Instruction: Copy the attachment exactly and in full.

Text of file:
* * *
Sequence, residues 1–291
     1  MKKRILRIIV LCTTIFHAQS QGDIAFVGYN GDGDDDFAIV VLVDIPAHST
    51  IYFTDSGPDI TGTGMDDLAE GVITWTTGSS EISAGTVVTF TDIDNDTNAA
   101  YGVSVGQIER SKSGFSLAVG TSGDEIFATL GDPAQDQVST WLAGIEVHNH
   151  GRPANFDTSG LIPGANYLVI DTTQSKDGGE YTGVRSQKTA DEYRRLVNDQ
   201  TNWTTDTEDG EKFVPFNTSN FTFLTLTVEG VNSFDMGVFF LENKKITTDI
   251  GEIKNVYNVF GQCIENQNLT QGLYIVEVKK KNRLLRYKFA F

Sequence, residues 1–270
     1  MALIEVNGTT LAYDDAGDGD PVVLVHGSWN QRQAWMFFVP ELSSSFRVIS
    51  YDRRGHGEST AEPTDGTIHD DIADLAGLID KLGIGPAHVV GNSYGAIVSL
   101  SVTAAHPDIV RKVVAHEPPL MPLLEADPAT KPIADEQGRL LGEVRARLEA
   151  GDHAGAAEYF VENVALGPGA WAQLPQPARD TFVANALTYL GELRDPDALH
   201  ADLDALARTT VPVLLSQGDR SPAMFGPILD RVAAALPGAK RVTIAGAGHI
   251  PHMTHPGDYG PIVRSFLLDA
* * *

Sequence, residues 1–291
     1  MKKRILRIIV LCTTIFHAQS QGDIAFVGYN GDGDDDFAIV VLVDIPAHST
    51  IYFTDSGPDI TGTGMDDLAE GVITWTTGSS EISAGTVVTF TDIDNDTNAA
   101  YGVSVGQIER SKSGFSLAVG TSGDEIFATL GDPAQDQVST WLAGIEVHNH
   151  GRPANFDTSG LIPGANYLVI DTTQSKDGGE YTGVRSQKTA DEYRRLVNDQ
   201  TNWTTDTEDG EKFVPFNTSN FTFLTLTVEG VNSFDMGVFF LENKKITTDI
   251  GEIKNVYNVF GQCIENQNLT QGLYIVEVKK KNRLLRYKFA F

Sequence, residues 1–270
     1  MALIEVNGTT LAYDDAGDGD PVVLVHGSWN QRQAWMFFVP ELSSSFRVIS
    51  YDRRGHGEST AEPTDGTIHD DIADLAGLID KLGIGPAHVV GNSYGAIVSL
   101  SVTAAHPDIV RKVVAHEPPL MPLLEADPAT KPIADEQGRL LGEVRARLEA
   151  GDHAGAAEYF VENVALGPGA WAQLPQPARD TFVANALTYL GELRDPDALH
   201  ADLDALARTT VPVLLSQGDR SPAMFGPILD RVAAALPGAK RVTIAGAGHI
   251  PHMTHPGDYG PIVRSFLLDA